Saturday, 16 June 2012

Research : CCSVI

Salvi F, Bartolomei I, Buccellato E, Galeotti R, Zamboni P. Venous angioplasty in multiple sclerosis: neurological outcome at two years in a cohort of relapsing-remitting patients. Funct Neurol. 2012 27:55-9

An open study was conducted with the aim of reporting long-term clinical outcome of endovascular treatment for chronic cerebrospinal venous insufficiency (CCSVI) in patients with multiple sclerosis (MS). 

Twenty-nine patients with clinically definite relapsing-remitting MS underwent percutaneous transluminal angioplasty for CCSVI, outside a clinical relapse. All the patients were regularly observed over at least two years before the first endovascular treatment and for at least two years after it (mean post-procedure follow up 30.6±6.1 months). 

The following clinical outcome measures were used: annual relapse rate and Expanded Disability Status Scale (EDSS) score. All the patients were observed intensively (mean 6 hours) on the day of the endovascular treatment to monitor for possible complications (bleeding, shock, heart attack, death). We compared the annual relapse rate before and after treatment (in the two years before and the two years after the first endovascular treatment) and the EDSS score recorded two years before versus two years after the treatment. 

Overall, 44 endovascular procedures were performed in the 29 patients, without complications. Thirteen of the 29 patients (45%) underwent more than one treatment session because of venous re-stenosis: 11 and two patients underwent two and three endovascular treatments respectively. The annual relapse rate of MS was significantly lower post-procedure (0.45±0.62 vs 0.76±0.99; p=0.021), although it increased in four patients.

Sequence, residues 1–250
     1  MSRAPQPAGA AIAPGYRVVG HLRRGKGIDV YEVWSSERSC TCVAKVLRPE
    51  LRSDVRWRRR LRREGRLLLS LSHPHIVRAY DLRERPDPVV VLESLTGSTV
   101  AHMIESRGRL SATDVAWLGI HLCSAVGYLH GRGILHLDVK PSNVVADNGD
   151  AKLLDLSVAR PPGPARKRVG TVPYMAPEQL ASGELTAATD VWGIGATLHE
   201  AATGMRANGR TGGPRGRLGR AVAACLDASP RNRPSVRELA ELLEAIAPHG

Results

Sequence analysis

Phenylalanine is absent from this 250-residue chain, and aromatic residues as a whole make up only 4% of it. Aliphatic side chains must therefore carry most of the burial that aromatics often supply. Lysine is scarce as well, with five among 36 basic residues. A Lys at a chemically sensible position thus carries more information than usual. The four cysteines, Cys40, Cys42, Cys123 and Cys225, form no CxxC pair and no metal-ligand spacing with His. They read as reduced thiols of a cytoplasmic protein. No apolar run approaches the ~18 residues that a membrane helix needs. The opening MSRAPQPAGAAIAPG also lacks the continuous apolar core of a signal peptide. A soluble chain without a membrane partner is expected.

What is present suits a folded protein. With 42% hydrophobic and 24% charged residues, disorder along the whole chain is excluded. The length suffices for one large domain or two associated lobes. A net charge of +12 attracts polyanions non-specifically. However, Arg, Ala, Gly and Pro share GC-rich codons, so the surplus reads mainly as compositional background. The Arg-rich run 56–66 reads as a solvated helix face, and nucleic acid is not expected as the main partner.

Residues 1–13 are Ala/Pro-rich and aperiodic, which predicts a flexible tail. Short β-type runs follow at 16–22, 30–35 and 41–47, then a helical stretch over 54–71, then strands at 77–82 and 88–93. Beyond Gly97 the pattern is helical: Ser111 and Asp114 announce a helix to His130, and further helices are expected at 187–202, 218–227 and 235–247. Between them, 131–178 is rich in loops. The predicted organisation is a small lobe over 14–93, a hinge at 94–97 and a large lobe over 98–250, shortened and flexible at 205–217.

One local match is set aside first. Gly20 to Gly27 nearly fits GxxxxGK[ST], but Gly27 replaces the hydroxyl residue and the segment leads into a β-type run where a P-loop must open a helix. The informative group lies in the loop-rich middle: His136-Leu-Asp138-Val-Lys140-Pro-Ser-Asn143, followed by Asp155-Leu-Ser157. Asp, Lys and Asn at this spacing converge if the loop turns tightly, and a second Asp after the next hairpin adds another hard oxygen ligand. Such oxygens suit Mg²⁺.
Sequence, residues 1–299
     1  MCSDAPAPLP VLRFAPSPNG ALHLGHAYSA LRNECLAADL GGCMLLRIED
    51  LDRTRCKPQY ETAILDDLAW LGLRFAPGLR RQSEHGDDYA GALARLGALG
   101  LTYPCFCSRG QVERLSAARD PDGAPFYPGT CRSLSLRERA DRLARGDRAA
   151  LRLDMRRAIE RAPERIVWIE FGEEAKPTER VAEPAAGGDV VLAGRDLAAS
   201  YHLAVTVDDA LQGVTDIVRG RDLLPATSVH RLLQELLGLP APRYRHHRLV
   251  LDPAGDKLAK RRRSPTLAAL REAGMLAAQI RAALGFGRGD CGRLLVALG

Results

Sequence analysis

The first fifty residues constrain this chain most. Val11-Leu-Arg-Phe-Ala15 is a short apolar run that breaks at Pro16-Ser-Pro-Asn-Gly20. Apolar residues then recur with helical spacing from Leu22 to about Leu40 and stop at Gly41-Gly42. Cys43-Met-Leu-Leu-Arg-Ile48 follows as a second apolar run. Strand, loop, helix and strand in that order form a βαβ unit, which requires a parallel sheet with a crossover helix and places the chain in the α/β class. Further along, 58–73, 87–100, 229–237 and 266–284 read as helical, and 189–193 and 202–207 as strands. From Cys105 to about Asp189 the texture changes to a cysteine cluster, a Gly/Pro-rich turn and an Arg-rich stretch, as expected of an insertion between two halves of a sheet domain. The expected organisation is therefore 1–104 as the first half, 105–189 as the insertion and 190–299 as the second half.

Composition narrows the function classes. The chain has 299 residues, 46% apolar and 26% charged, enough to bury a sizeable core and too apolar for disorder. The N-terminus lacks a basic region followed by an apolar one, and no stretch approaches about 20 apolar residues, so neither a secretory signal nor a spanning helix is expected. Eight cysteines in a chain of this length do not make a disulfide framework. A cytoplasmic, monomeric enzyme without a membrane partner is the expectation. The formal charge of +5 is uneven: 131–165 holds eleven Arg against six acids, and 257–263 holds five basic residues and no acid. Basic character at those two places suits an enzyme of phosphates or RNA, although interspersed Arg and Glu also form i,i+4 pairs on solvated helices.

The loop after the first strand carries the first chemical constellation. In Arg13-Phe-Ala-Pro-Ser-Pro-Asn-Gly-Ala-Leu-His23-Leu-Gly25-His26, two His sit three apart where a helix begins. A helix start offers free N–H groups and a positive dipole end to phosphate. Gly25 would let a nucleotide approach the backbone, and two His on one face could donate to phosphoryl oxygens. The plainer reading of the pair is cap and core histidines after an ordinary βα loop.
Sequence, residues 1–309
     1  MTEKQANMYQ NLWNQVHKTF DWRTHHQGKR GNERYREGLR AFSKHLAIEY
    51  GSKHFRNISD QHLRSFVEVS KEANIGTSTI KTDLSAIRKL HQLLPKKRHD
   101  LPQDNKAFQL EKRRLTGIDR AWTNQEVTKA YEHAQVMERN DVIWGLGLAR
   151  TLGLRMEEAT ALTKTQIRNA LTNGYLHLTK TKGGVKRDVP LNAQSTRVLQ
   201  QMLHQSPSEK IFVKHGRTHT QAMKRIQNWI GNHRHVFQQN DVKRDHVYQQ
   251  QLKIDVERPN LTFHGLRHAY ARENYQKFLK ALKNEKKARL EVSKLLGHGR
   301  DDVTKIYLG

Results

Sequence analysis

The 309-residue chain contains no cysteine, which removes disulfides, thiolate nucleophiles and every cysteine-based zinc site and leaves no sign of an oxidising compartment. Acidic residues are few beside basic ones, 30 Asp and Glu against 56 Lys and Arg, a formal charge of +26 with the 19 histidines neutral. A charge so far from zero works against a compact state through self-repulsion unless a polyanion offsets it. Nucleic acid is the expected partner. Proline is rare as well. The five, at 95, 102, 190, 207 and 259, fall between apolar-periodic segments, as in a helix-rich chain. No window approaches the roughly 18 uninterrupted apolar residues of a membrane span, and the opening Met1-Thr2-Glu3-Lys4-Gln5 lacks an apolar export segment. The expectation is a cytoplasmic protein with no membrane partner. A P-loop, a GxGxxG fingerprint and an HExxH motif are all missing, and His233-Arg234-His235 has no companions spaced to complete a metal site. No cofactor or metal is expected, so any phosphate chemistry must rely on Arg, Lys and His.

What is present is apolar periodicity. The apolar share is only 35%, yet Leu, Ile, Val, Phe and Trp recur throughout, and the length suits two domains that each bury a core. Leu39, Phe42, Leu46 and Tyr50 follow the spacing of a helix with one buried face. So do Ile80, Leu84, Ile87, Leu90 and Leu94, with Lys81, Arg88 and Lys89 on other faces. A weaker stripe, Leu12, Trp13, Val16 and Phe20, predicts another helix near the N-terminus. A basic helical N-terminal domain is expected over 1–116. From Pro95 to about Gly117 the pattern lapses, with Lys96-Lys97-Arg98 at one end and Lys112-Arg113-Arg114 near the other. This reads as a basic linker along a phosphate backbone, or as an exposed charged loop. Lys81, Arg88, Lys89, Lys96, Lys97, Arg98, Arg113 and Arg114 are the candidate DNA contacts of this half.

The EDSS score two years after treatment was significantly lower compared to the EDSS score recorded at the examination two years before treatment (1.98±0.92 vs 2.27±0.93; p=0.037. Therefore this early MS not SPSS.), although it was higher in four patients. Endovascular treatment of concurrent CCSVI seems to be safe and repeatable and may reduce annual relapse rates and cumulative disability in patients with relapsing-remitting MS. Randomized controlled studies are needed to further assess the clinical effects of endovascular treatment of CCSVI in MS.


So why not get the randomised controlled studies done we are all waiting for the result! This is open label so the MSers knew what was happening, lets get the blinded studies.


As there is apparent re-stenosis, often within 3 months based on other studies, requiring repeated treatments it is easy to see how this can become just as lucrative as any DMT  = 4 x $8,000 = £32,000. Twice the cost of some DMT